What Is a Plant-based Diet and How to Get Started?

Plant-based Diet

The plant-based diet has been garnering a lot of positive responses. In case you are new to the idea of a plant-based diet, read further to learn what is a plant-based diet and the reasons to follow such a diet. I will also highlight a few easy steps to include more plant-based foods in your meals.

What Is a Plant-based Diet?

The plant-based diet is all about utilizing nature’s gifts: fruits, veggies, pulses, legumes, cereals, nuts, seeds, etc. You try, as much as possible, to stick to eating natural foods and prepare your meals and snacks with natural foods alone.

This is NOT a fad diet or a restricting diet. You are NOT required to fast for ridiculously long hours, avoid certain food groups, stop eating non-vegetarian, etc. None of that. The idea is to include as many plant-based ingredients as you can in your meals. Although, I would add that a fully plant-based diet is ideal.

I started looking for plant-based alternatives for milk when we couldn’t get good quality milk. The more I searched the more I realized that a lot of what we eat lacks freshness and hence, reduced nutritive value. And that’s when I and my mother started making small changes to our meals.

Now, for those of you folks having a hectic time managing work and children, I know it sounds crazy to not use at least some processed, ready-to-cook, or ready-to-eat foods. This post is a humble attempt to simplify a plant-based diet for you. 🙂

Before starting a plant-based diet, you would be interested in knowing why you need to consider a plant-based diet. There is plenty of scientific evidence to show the benefits of a plant-based diet.

I will list a few benefits of a plant-based diet:

  • Lower incidence of illness
  • Reduced risk of heart ailments, type 2 diabetes, cancer, hypertension, and obesity
  • Saves or reduces money spent on medicine or doctor consultations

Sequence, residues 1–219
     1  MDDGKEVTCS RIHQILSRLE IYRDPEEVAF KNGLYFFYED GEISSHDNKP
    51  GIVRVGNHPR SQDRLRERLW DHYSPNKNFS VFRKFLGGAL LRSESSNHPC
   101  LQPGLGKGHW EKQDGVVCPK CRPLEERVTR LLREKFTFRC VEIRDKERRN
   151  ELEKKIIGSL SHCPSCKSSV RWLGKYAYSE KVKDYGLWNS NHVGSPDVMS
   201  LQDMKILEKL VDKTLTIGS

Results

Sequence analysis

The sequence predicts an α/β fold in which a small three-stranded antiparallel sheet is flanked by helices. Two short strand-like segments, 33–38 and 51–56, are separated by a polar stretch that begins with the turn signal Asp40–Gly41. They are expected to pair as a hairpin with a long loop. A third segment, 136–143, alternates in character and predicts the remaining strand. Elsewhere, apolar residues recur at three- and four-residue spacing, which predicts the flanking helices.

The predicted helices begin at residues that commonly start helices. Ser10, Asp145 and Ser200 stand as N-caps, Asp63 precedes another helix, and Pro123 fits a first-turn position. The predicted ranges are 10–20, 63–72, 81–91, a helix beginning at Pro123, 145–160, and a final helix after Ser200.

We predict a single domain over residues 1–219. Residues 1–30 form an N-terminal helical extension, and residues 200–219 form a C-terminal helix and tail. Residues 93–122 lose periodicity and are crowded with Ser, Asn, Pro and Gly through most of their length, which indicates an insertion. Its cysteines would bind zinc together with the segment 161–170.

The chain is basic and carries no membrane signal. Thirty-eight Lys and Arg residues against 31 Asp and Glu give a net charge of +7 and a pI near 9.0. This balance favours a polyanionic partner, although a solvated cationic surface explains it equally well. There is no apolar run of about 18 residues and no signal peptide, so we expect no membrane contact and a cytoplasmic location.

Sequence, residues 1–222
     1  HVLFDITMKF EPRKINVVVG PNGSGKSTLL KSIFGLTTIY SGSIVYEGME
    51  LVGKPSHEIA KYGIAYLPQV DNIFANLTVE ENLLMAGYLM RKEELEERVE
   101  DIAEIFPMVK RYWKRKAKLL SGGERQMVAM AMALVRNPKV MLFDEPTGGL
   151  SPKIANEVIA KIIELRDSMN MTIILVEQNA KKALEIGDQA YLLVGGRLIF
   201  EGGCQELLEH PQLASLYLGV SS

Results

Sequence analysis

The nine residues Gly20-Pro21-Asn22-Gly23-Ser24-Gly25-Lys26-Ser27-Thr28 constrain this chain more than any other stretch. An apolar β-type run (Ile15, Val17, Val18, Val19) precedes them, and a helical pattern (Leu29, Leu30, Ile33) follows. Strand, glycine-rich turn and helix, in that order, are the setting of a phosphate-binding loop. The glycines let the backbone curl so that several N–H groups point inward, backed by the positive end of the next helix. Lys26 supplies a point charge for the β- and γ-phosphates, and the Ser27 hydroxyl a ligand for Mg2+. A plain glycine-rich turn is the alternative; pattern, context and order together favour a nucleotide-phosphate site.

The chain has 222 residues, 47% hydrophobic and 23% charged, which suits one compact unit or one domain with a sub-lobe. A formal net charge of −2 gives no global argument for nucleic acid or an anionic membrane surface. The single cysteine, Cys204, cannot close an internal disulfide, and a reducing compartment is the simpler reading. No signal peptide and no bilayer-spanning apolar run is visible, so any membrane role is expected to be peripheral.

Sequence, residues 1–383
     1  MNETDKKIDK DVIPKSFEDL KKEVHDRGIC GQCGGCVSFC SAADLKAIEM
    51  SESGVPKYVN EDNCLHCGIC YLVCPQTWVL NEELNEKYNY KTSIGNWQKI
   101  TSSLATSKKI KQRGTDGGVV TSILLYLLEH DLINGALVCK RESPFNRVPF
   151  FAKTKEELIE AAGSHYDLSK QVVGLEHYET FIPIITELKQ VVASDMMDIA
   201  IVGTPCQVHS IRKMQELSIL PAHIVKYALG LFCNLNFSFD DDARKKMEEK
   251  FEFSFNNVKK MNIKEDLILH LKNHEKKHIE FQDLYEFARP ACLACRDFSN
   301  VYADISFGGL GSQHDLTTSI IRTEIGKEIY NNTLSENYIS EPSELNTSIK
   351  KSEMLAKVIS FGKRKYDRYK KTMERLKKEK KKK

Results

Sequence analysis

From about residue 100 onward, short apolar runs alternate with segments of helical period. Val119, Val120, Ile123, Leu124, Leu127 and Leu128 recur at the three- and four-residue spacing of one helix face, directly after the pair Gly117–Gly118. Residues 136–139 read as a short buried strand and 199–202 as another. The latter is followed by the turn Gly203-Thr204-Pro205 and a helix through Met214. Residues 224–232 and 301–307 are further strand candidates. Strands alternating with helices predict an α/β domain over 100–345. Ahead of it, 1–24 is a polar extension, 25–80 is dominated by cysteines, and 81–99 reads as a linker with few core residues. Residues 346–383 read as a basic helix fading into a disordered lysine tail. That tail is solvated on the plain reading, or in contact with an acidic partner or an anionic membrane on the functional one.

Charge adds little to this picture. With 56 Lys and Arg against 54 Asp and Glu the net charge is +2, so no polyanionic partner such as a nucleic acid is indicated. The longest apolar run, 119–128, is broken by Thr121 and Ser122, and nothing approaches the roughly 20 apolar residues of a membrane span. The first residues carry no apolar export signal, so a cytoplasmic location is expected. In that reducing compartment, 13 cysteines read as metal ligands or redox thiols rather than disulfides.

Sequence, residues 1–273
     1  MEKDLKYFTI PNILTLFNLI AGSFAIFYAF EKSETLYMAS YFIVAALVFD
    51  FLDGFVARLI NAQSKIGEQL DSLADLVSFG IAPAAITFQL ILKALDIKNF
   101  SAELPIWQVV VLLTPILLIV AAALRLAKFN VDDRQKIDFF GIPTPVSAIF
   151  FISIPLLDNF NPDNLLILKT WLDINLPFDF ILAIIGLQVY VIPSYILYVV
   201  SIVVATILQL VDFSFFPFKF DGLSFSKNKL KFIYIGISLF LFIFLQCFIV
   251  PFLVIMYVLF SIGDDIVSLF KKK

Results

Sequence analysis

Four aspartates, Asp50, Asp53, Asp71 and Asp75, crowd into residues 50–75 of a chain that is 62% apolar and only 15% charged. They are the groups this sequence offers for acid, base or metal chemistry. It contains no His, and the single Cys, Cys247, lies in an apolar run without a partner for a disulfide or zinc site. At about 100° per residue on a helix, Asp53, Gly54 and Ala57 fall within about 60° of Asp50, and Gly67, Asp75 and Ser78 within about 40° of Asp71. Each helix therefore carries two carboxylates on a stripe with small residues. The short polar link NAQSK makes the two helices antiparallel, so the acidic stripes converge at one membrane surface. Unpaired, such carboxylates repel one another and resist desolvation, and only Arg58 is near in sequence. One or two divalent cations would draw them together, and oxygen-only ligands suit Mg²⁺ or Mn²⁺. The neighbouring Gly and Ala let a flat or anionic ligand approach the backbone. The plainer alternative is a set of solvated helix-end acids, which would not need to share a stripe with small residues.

• Stay more active
  • Keeps you full for a longer time
  • Good for weight maintenance
  • And it is Planet-friendly 🙂

Now, let’s move to the next question.

How to include more plant-based foods in your diet?

I would like to mention a few simple steps to include more plant-based foods:

Start by stacking more natural foods: seasonal fruits and vegetables, dry fruits, millets, pulses, etc. You will soon notice that this is more pocket-friendly.

Include more whole grains and pulses. It’s not just beneficial in terms of giving satiety but also adds loads of nutrients.

Do not go shopping when you are hungry. Because the body simply says, “Eat!”, you are most likely to buy fast foods, processed foods, or anything that easily appeases your hunger. So next time you go shopping for groceries, remember to have a nutritious, filling snack or meal!

Start by making vegetables the star of your favorite recipe. For example, you love having a giant burger. Try making it as colorful and appealing with a variety of greens, bell peppers, tomatoes, etc.

Keep a fruit, nuts and seeds handy for a quick snack or mid-meal hunger pangs. This can also give you an energy boost and add good dose of proteins and healthy fats.

Connect with like-minded people. This will help you develop a mindset and also inspire you to stick to your diet.

Share your food or dine with like-minded people.

Plant-based Food Ingredients List

Whole grains: Brown Rice, Bamboo Rice, Whole Wheat, Steel-cut Oats, Flattened Rice flakes (or Jada Poha), Broken Wheat (or Daliya)